Posts Tagged ‘holly black’

The Copper Gauntlet

The second novel of the Magisterium reminded me, for some reason, of the second-to-last Harry Potter movie. Maybe it was the whole running-away-from-magic-school bit. It’s meant to be Call’s second year at the Magisterium. He runs away from home, because he thinks his father is planning to do something terrible. Then he runs away from the Magisterium to find his father – whom he now believes has stolen an artefact called the Copper Gauntlet, rumoured to do horrible things to chaos mages.

Call continues on his self-absorbed path… Why do these teen heroes have to be so irritating? Perhaps his only redeeming feature is his concentration on his how-not-to-be-an-evil-overlord list. In fact, we spend a great deal of story time inside his head, and perhaps not enough inside the other main characters, so they feel somewhat undeveloped. As for the plot, there are plenty of twists and turns, some of them a bit contrived – such as questing for a magic copper gauntlet, in Call’s copper year? There’s plenty of action too, some of it quite spectacular. I was impressed by the

But it somehow didn’t quite work for me, and I find myself struggling to remember what happened when, and why. This series is polarising people; some love it, some hate it… Me, I’m somewhere in between.

Doubleday

Supplied by Penguin Random House New Zealand

Reviewed by Jacqui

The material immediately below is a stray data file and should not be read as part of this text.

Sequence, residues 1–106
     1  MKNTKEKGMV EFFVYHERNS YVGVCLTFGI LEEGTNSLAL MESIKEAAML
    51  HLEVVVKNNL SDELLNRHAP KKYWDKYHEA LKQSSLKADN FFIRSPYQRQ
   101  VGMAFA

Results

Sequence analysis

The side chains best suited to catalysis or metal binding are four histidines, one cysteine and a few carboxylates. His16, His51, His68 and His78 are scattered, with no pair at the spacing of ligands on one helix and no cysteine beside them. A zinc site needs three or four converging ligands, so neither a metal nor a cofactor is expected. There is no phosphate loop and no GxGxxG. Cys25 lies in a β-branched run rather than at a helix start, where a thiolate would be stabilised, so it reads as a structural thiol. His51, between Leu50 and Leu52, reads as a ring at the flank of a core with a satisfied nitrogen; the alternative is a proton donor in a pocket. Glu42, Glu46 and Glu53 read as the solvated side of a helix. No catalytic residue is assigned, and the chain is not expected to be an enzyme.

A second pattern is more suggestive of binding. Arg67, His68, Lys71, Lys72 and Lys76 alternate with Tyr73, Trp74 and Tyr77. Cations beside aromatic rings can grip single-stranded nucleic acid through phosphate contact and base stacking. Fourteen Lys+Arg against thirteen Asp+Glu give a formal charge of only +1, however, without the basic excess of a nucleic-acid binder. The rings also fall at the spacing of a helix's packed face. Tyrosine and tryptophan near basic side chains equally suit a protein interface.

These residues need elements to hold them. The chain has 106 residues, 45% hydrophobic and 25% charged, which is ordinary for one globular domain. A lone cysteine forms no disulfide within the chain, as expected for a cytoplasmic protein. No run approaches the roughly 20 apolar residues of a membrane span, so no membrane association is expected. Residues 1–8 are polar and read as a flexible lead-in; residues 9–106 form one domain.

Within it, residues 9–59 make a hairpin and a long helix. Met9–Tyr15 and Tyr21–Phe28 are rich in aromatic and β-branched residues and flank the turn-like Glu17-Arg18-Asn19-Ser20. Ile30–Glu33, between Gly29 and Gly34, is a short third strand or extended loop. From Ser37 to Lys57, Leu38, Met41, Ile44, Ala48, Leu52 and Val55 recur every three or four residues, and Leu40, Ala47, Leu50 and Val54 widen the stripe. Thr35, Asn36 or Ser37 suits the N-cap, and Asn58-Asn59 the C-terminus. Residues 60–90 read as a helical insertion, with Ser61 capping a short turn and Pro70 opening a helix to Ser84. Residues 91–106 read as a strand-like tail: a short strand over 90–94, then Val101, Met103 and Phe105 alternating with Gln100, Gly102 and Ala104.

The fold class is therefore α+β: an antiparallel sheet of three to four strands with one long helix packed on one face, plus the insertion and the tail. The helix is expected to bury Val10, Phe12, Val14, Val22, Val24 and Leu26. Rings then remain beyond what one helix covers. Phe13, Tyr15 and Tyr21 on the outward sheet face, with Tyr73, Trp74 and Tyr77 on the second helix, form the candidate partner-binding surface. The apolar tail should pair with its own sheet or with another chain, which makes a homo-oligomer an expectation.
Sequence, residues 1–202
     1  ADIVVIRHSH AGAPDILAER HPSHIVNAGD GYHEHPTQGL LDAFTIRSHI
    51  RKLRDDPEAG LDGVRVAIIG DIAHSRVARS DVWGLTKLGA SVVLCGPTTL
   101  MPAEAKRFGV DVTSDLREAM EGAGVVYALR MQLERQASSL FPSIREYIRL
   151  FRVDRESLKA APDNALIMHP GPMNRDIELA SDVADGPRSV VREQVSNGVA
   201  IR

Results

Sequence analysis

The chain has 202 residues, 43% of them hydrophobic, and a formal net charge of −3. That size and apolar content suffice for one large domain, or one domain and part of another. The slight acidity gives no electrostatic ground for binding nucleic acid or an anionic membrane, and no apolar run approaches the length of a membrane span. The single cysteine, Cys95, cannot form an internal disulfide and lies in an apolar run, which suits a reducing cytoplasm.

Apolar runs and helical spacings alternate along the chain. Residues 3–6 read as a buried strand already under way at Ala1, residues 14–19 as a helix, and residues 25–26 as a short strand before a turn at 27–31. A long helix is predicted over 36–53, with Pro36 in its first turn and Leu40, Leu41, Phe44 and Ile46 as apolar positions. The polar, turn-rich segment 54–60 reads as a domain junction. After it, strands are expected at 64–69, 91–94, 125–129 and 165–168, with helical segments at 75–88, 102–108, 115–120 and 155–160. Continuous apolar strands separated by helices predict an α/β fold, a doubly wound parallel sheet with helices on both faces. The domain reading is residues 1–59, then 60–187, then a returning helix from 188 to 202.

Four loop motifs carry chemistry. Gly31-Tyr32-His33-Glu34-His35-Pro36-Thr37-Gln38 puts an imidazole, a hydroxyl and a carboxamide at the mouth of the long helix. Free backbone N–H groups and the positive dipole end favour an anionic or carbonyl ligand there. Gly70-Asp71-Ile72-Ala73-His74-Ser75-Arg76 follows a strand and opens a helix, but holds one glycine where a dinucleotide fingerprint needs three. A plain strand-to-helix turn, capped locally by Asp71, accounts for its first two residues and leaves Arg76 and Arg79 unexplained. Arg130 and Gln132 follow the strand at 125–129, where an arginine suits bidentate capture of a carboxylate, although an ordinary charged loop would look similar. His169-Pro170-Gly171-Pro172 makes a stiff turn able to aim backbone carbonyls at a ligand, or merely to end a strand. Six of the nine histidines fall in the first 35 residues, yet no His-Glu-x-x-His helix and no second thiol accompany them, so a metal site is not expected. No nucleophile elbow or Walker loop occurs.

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The Iron Trial

I began this novel with a distinct sense of déjà vu. It looks like a somewhat Americanised Harry Potter clone, and indeed it is, with a more coherent magic system, and a somewhat more plausible setting (just how do you hide a castle the size of Hogwarts?) The Magisterium is as you might expect, a wizard school, but it’s somewhere in the eastern US underground in a natural cave system (possibly based on the Luray Caverns in Virginia). Our lead characters are apprentice mages, in their first, or “iron” year. The protagonist is Call (short for Callum – I would have thought it should be Cal, but the authors chose otherwise) who is one of those irritating young teens that seem to populate a certain type of juvenile literature. With better reason than most, as it turns out. He finds himself sitting the entrance test for the Magisterium, and tries desperately to fail, only in his failure he manages to prove his not inconsiderable talent for magic. He must be trained, is apprenticed, and spends considerable time learning concentration and control. And then another student runs away, precipitating a series of events that leads to a spectacular climax with a fine twist on the “I am your father” moment.

The problem is that it is all very like Harry Potter and has been royally criticised for just that similarity. On the other hand, I’ve seen people carping at “magical school” stories which were actually published considerably earlier claiming that they were ripping off Potter. In fact, it was Harry Potter that “copied” earlier work, notably T.H. White’s The Sword in the Stone (Rowling admits as much). So, should we make comparisons, or let each new story stand or fall on its own merit? The Iron Trial has its merits, it’s an enjoyable read, and well enough written. In many ways, it makes more sense than the Potter books, so if that’s the sort of thing you like, read and enjoy!

Doubleday

Supplied by Random House New Zealand

Reviewed by Jacqui